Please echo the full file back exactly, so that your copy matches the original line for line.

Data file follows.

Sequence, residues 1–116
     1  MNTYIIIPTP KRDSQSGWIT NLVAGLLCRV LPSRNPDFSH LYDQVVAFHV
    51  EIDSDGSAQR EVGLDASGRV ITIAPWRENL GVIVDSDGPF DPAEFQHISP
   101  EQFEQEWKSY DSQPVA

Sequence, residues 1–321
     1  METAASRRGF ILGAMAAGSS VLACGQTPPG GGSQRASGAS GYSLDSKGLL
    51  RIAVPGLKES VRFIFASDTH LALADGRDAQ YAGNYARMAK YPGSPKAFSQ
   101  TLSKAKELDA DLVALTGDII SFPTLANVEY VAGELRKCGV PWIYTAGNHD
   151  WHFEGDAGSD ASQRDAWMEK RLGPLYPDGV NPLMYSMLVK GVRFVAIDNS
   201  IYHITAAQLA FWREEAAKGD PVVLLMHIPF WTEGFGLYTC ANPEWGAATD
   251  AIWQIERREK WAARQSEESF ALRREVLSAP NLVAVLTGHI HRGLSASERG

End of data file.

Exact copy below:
Sequence, residues 1–116
     1  MNTYIIIPTP KRDSQSGWIT NLVAGLLCRV LPSRNPDFSH LYDQVVAFHV
    51  EIDSDGSAQR EVGLDASGRV ITIAPWRENL GVIVDSDGPF DPAEFQHISP
   101  EQFEQEWKSY DSQPVA

Sequence, residues 1–321
     1  METAASRRGF ILGAMAAGSS VLACGQTPPG GGSQRASGAS GYSLDSKGLL
    51  RIAVPGLKES VRFIFASDTH LALADGRDAQ YAGNYARMAK YPGSPKAFSQ
   101  TLSKAKELDA DLVALTGDII SFPTLANVEY VAGELRKCGV PWIYTAGNHD
   151  WHFEGDAGSD ASQRDAWMEK RLGPLYPDGV NPLMYSMLVK GVRFVAIDNS
   201  IYHITAAQLA FWREEAAKGD PVVLLMHIPF WTEGFGLYTC ANPEWGAATD
   251  AIWQIERREK WAARQSEESF ALRREVLSAP NLVAVLTGHI HRGLSASERG